Another challenge is the potential for telehealth to erode continuity of care, especially if patients seek telehealth appointments with clinicians outside their usual practice. When a traditional practice transitions to telehealth, it is challenging but important to maintain continuity of care with the patient’s usual provider and access to the patient’s medical records. High quality primary care differs from urgent care because it requires a whole-person approach and depends on a trusted relationship formed over time, particularly for patients with chronic illnesses or complex co-morbidities.
Further, telehealth providers not associated with a practice are unlikely to have a nuanced understanding of the medical and social resources in the community that best meet patients’ needs. To address this gap, these providers can offer patients an after-visit summary and encourage follow-up with local primary care practices that can coordinate care with other providers.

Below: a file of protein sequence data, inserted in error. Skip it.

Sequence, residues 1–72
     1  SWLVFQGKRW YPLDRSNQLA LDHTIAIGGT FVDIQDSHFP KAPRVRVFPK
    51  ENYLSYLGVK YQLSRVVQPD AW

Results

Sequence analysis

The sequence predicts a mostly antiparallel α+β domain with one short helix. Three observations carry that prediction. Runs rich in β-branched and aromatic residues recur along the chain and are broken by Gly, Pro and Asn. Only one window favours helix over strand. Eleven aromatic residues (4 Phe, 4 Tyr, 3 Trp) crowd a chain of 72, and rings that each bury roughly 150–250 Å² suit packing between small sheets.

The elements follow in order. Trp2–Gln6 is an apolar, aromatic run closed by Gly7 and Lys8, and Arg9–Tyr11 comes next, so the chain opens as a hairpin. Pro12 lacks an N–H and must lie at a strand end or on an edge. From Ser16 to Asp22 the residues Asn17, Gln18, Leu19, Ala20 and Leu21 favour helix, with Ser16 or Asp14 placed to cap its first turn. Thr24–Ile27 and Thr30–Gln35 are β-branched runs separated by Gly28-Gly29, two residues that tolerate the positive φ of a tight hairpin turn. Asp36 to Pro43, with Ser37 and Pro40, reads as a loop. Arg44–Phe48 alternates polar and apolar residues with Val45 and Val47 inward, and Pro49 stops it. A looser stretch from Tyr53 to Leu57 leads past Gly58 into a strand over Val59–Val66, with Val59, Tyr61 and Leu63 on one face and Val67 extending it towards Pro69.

Effectively implementing telehealth also involves payment reform. Primary care practices, traditionally paid fee for service for in-person visits, are increasingly allowed by payers to bill for telehealth visits at the same level as in-person visits during the pandemic. It is unclear whether these temporary changes will become permanent. For the long term, constructing a sensible fee-for-service payment system for phone and video visits is a challenge. Practices paid instead through prospective (nonvisit-based) payments can care for their patients through any appropriate access point. Indeed, primary care physicians recognize the flexibility that such payment allows, calling on the Centers for Medicare & Medicaid Services and commercial payers to move away from fee for service toward prospective payments.
Telehealth should be here to stay. Although the transition to telehealth was thrust upon primary care practices and their patients because of COVID-19, in many cases, telehealth visits have been positive for doctors and the people they serve. Addressing the challenges we described can help ensure telehealth improves patient care and is attractive and viable for practices.